The news was announced yesterday at Amazon's inaugural in Las Vegas, where the online retailer unveiled the latest design of its Prime Air drone.
According to Jeff Wilke, CEO of 's worldwide consumer division, the company expects to pioneer the autonomous drone technology in time to deliver packages through the air to customers in the coming months. The exact date is still unconfirmed.
The latest drone features a hexagonal design that is able to easily transition between its two modes of flight – its "helicopter-like" vertical takeoff and landing mode and its airplane mode.
Safety was also a key focus in the latest developments. The drone uses the shrouds that protect its blades as wings, making it both safe and efficient in flight.
It is also controlled with six degrees of freedom, meaning it has six independent aspects of motion, as opposed to the standard four. This makes the machine more stable when operating in harsh weather conditions.
"We know customers will only feel comfortable receiving drone deliveries if they know the system is incredibly safe," said Wilke. "So we're building a drone that isn't just safe, but independently safe, using the latest artificial intelligence (AI) technologies."
"Some drones are autonomous but not able to react to the unexpected, relying simply on communications systems for situational awareness," he continued.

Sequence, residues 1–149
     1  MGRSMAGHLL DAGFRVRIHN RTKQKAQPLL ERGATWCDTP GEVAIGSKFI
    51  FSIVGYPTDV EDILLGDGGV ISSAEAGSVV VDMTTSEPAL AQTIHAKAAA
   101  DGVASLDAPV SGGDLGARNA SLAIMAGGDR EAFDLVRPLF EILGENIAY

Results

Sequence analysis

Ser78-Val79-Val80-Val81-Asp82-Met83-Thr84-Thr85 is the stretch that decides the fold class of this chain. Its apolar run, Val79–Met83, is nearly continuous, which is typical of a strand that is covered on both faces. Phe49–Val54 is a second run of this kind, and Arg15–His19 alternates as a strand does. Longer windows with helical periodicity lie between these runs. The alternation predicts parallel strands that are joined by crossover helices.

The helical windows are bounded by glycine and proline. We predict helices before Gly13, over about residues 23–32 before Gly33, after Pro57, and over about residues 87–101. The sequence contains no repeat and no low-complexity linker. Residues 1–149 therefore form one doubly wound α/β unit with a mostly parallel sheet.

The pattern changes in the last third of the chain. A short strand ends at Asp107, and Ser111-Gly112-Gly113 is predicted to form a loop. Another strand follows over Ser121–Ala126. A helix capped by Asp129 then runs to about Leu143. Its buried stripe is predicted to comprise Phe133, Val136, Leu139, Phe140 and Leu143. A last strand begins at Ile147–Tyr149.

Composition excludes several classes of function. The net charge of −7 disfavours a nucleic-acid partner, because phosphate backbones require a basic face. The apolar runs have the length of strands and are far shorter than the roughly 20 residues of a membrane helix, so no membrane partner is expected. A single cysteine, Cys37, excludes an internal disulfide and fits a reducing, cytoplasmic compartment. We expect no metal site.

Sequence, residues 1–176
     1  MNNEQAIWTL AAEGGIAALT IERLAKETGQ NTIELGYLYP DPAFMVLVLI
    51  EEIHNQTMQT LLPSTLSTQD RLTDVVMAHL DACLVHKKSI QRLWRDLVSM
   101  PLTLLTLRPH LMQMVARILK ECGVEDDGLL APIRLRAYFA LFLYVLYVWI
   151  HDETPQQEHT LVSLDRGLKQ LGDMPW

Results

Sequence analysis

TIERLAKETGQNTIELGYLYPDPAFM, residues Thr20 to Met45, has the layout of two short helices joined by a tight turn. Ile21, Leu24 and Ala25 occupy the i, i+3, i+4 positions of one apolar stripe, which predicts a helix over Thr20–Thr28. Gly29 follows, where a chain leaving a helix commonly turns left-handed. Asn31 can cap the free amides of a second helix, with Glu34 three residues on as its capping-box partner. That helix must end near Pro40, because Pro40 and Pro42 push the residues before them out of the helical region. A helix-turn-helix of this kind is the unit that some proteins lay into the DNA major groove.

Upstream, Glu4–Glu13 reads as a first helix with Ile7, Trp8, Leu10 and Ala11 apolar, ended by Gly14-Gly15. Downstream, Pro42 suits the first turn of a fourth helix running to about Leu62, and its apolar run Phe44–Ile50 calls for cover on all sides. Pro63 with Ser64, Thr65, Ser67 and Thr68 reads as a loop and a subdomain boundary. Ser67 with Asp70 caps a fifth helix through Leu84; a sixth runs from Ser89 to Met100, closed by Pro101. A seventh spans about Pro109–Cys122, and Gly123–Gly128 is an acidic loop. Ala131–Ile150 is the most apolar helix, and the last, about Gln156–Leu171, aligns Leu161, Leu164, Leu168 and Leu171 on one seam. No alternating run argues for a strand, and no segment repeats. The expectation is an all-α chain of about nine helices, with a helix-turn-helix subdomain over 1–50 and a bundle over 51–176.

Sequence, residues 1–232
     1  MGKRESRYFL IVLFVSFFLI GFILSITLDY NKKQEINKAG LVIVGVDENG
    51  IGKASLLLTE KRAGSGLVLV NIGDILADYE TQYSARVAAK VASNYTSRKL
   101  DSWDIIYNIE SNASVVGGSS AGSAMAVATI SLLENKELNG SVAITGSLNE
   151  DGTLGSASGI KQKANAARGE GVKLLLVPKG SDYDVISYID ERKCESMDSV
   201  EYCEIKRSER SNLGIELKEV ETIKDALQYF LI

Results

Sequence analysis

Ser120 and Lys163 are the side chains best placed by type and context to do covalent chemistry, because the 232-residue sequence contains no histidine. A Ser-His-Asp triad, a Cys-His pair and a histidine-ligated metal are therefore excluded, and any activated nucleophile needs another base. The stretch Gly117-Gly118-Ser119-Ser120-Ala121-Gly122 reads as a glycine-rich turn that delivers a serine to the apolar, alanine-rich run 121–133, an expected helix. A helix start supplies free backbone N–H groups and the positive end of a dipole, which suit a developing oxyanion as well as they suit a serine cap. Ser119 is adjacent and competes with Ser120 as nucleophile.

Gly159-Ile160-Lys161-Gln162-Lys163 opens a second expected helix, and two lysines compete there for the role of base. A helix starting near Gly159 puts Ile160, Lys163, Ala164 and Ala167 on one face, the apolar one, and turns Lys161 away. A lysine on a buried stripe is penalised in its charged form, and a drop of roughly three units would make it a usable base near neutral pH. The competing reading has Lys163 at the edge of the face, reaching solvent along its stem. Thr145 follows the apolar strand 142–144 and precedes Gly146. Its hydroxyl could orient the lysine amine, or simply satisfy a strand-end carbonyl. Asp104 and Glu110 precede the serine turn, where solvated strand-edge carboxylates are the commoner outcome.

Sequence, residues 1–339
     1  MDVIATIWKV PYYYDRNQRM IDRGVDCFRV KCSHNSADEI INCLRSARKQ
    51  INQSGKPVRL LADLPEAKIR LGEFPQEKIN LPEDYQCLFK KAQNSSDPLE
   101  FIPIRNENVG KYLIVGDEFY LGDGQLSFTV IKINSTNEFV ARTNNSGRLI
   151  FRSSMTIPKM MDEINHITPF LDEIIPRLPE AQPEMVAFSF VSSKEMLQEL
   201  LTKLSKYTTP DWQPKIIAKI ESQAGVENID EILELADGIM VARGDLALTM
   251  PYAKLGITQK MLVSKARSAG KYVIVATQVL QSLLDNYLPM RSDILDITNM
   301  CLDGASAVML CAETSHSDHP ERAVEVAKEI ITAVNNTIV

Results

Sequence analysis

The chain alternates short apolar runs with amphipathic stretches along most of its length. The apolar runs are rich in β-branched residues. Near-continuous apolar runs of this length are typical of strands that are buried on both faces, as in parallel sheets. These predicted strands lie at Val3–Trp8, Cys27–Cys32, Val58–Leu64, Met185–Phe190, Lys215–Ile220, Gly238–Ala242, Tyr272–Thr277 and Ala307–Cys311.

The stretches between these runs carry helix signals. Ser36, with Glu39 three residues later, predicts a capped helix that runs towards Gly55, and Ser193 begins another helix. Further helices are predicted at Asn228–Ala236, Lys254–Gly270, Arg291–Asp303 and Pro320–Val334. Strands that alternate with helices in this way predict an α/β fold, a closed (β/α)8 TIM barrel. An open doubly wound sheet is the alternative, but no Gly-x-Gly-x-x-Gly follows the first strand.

"If our drone's flight environment changes, or the drone's mission commands it to come into contact with an object that wasn't there previously – it will refuse to do so," Wilke added.
When in transit, the drone uses diverse sensors and advanced algorithms, such as multi-view stereo vision, to detect static objects like a chimney.
To detect moving objects in the air, like a paraglider or helicopter, it uses computer-vision and machine-learning algorithms.
When approaching the ground for delivery, the drone employs stereo vision alongside AI algorithms that are trained to detect people, animals and obstacles from above.
It uses Amazon's self-developed computer-vision techniques to recognise and avoid any hard-to-see obstacles like clotheslines, telephone wires or electrical wires that may cross customers' gardens.
Amazon also hopes to use Prime Air as a more sustainable alternative to ordinary delivery options like vans, saving on fuel usage and reducing emissions.
The fully electric delivery service is in line with the company's vision to make half all Amazon shipments net zero carbon by 2030.
The updated design differs from Amazon's last generation of drones, which featured an orange, blue and white body that resembled a typical aeroplane, with three tail fins and a small propellor.